DURHAM, N.C. -- A team of researchers from Duke University and the Salk Institute for Biological Studies has found a central part in the machinery that turns plants green when they sense light.
In the Rube Goldberg world of cellular mechanics, this key player turns out to be a garbage truck.
Light is so essential for plants that they have two different systems to take advantage of it, explains Meng Chen, an assistant professor of biology at Duke.
There's the familiar system of organelles called chloroplasts that turn sunlight into fuel via photosynthesis. The photosynthetic pigment inside chloroplasts, chlorophyll, is where the green color comes from.
And then there's a system of light-sensitive proteins called photoreceptors that use light as information and direct plant development and growth. One of the things the plant does with that information is control how it makes chloroplasts. "The greening process is completely dependent on the presence of light. However, how light triggers the making of chloroplasts is still unknown," Chen said.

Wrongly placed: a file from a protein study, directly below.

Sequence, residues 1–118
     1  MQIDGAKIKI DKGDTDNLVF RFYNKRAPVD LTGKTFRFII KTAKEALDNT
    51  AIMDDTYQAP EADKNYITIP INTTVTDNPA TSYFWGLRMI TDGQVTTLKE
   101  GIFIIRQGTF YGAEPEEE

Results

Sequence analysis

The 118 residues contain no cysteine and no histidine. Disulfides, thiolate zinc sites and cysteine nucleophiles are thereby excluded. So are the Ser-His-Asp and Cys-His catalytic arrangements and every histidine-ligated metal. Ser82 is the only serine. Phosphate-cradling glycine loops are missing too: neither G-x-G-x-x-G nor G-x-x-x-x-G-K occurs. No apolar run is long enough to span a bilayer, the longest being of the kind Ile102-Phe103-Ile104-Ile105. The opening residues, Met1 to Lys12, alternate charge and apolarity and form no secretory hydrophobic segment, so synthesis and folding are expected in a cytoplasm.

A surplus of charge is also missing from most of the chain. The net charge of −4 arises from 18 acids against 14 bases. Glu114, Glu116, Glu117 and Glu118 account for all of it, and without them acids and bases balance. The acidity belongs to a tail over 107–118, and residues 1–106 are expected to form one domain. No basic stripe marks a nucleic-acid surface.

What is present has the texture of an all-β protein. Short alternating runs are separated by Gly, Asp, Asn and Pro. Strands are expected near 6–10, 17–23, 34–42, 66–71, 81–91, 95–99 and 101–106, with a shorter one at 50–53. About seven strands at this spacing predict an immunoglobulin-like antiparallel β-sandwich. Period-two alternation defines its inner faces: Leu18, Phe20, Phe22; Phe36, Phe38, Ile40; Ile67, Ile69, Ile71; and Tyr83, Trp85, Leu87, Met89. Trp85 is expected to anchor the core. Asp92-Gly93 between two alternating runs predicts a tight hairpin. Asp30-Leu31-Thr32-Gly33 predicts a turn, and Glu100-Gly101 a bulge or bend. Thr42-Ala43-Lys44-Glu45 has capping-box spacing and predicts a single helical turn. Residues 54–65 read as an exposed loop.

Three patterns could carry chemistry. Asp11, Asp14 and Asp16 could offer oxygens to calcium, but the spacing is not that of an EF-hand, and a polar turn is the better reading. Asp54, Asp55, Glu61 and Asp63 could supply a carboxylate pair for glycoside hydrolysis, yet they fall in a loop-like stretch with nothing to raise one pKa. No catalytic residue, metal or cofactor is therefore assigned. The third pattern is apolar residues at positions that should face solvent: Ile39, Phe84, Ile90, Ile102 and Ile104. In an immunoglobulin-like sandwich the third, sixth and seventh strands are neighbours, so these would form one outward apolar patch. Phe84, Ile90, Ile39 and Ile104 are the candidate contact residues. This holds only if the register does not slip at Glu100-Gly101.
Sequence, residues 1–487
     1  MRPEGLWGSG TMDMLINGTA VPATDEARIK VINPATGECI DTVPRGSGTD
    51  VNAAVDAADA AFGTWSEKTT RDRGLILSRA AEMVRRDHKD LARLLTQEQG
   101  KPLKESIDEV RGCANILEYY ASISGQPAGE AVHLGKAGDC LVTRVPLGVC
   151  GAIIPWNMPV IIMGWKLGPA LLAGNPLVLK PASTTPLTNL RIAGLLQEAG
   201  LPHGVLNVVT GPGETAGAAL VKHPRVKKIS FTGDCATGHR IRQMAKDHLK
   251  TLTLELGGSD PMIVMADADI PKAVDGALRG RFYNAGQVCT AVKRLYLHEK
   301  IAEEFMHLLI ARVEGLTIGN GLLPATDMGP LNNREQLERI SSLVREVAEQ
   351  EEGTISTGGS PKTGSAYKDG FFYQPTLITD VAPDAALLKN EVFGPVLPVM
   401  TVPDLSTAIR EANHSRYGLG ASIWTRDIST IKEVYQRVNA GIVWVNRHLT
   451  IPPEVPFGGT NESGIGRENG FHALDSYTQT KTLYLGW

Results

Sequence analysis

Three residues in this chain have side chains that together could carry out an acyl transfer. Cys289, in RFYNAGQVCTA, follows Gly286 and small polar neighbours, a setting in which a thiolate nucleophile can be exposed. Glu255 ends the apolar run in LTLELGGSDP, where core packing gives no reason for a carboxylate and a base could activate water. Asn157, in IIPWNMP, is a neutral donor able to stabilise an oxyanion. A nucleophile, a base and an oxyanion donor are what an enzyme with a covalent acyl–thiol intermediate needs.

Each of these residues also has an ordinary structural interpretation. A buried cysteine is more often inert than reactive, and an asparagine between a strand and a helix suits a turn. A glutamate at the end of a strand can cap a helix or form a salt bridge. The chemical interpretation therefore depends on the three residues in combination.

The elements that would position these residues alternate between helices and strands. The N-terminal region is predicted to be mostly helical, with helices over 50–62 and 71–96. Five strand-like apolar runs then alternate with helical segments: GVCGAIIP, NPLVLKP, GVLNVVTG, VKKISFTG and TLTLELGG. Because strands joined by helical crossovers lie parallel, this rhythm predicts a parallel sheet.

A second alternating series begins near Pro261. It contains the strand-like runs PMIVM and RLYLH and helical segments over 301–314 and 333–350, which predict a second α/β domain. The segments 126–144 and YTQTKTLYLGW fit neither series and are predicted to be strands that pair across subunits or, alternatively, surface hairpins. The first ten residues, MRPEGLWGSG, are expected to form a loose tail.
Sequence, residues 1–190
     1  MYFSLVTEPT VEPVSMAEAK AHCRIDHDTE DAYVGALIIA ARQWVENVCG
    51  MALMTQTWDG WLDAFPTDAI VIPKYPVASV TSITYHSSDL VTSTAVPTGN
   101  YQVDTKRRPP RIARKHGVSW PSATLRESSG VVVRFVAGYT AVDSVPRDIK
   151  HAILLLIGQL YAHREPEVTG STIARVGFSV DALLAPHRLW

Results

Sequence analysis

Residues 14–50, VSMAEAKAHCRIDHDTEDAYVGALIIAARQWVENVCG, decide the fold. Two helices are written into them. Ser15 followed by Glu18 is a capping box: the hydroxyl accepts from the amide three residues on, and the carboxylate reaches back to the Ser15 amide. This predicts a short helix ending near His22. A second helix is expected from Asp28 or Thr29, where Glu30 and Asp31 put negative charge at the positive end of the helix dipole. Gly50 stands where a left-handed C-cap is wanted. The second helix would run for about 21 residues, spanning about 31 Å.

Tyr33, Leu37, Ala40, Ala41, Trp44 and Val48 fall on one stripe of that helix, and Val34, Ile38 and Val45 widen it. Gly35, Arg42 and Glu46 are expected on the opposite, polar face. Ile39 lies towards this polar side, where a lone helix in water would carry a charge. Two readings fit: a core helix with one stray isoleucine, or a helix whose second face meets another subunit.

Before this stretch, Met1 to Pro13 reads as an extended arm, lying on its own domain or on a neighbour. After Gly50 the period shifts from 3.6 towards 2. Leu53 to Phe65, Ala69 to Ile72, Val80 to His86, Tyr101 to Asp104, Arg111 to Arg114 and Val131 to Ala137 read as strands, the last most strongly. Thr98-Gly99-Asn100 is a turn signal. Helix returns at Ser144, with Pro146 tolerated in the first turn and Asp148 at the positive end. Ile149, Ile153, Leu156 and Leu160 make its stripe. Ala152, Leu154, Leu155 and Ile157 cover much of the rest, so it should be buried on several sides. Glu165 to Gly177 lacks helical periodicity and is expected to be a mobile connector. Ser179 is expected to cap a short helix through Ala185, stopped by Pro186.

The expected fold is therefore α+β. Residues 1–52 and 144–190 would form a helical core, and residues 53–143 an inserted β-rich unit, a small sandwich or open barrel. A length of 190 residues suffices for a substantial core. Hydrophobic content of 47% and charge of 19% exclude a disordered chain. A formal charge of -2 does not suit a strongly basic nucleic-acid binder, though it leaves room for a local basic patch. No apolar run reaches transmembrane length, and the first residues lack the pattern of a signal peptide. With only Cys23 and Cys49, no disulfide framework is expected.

In a paper appearing in the June 25 issue of Cell, Chen and his team have identified a key intermediary between the light system for information and the light system that makes fuel. The hope is that this knowledge will help researchers use a plant's own photo-sensory systems to increase agricultural yields or improve the photosynthesis of biofuel crops.
"Light is probably the most important environmental cue for a plant," said co-author Joanne Chory, a Howard Hughes Medical Institute investigator at the Salk Institute for Biological Studies. "Understanding how light signaling triggers morphological changes in the plant will have a really big impact on every facet of plant biology."
Plants have an array of photoreceptors that are tuned to different wavelengths of light. One type, called phytochromes, are sensitive to red and far-red light and play a major
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